Eastern’s Advanced Painting course showcases art from the semester

At+Doudna+Fine+Arts+Center+Thursday+afternoon%2C+Sam+Tolch%2C+a+junior+art+education+major%2C+and+Angela+Risinger%2C+a+junior+2D+studio+art+major%2C+talk+to+each+other+about+the+showcased+paintings+inside+the+Glenn+Hild+Student+Art+Gallery+that+were+created+by+students.

Ashanti Thomas

At Doudna Fine Arts Center Thursday afternoon, Sam Tolch, a junior art education major, and Angela Risinger, a junior 2D studio art major, talk to each other about the showcased paintings inside the Glenn Hild Student Art Gallery that were created by students.

Ryan Meyer, Multimedia Reporter

Students in Eastern’s Advanced Painting class had the opportunity to showcase their semester’s work on Thursday evening in Doudna.

Chris Kahler, who teaches Painting 2 through 6, said the class is taught as one block that sees students in the second level working with those in the sixth during a two and a half hour time period twice a week. Kahler said all the work that was being displayed in the show was done by about 15 or 16 students.

“These students are all either in one of those levels, and some of them are actually in both levels of some, like four and five at the same time, so they’re having to make more work,” Kahler said.

The event was a chance for those in the art department to see what their students had been working on over the course of the Fall 2021 semester.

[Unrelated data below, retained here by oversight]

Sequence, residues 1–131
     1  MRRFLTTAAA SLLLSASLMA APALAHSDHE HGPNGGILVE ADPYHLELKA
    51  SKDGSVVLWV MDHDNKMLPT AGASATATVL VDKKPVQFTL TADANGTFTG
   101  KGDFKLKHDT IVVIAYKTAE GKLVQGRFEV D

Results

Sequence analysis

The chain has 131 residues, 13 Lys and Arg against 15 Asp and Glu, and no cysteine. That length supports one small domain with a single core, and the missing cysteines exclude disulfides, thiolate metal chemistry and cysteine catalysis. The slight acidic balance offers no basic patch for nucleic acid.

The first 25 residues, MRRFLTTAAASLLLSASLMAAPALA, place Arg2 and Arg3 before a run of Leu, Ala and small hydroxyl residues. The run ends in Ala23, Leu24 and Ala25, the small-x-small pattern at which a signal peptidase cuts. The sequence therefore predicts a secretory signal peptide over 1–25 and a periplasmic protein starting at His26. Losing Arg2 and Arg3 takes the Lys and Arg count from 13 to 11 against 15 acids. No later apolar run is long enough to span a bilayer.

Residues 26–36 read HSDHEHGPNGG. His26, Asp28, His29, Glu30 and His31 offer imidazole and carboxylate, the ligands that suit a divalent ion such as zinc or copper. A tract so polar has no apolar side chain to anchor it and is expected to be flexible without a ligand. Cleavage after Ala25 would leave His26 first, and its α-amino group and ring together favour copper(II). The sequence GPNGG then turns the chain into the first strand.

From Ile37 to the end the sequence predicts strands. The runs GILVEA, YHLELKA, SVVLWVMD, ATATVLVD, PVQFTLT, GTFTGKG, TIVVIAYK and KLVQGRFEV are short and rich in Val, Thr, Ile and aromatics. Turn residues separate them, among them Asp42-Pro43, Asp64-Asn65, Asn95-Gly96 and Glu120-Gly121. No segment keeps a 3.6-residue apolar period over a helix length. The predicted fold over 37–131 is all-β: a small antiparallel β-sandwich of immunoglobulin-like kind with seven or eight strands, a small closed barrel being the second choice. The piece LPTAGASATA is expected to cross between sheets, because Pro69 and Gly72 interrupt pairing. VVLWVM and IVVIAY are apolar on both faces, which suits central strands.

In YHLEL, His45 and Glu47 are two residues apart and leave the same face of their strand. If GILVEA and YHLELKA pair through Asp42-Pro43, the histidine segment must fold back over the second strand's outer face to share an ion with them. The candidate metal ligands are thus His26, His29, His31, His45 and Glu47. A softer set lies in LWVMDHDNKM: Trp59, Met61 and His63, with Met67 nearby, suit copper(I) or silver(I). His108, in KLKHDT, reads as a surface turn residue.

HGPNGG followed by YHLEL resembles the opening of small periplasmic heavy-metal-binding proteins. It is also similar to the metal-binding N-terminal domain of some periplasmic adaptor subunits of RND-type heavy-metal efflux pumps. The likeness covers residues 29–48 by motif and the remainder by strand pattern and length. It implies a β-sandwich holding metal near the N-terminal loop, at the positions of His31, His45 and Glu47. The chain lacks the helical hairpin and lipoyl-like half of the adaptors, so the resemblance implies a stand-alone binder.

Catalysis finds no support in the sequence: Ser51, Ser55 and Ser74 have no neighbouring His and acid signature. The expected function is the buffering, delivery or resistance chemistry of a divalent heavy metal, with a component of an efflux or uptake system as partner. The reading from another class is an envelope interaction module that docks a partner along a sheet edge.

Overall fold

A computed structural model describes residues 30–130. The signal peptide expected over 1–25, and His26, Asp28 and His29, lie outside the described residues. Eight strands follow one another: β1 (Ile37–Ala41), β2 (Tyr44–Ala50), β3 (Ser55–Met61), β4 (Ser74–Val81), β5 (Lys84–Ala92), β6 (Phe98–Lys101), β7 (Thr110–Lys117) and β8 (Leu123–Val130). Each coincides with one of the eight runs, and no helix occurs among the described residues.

“This is really just a show showing you all the work that they’ve been working on this semester, and it’s an opportunity for us to see what they’re thinking about, but also see the level of quality as well as a level of excellence that we’re able to achieve,” Kahler said.

The assignments varied based on level, Kahler said. Students in Painting 3 had to make three paintings that tie into a concept, while levels four through six needed to make a “whole body of work,” which could consist of six to eight paintings about a specific theme.

While the event was an opportunity to display a semester’s worth of work, Kahler said it’s also a learning moment for students who don’t have experience selling their art.

“The bottom line is, for a lot of the students, this might be the first time they’ve really sold their paintings,” Kahler said. “And so it’s hard to know what’s a fair price… And the other thing too is that what I’m trying to get the students to understand is that it is so important to share your work with people, to have people want the work to be in their home or in their office. That means everything, because it not only acknowledges your hard work, but it also rewards you for your hard work.”

Eli Jones, a junior art major, had four works featured in the show based on a mission trip to Puerto Rico.

“What inspired these four pieces was being on a trip last summer in Puerto Rico, mostly in the San Juan area,” Jones said. “My mom and my younger sister and I helped put together a summer English camp at one of their local churches. It lasted for three weeks, and then during our fourth week, we helped out at another church, and that involved helping out at a Vacation Bible School.”

Jones’ two favorite pieces were a portrait of a girl and another of three parrots, both of which involved experiments with texture, he said.

Thursday’s show was Jones’ second, he said, and he said it was a fun experience.

“[I got] lots of really nice compliments from people seeing my work, whether it be parents of students and my friends and colleagues in the program and instructors,” Jones said.

Ryan Meyer can be reached at 581-2812 or [email protected]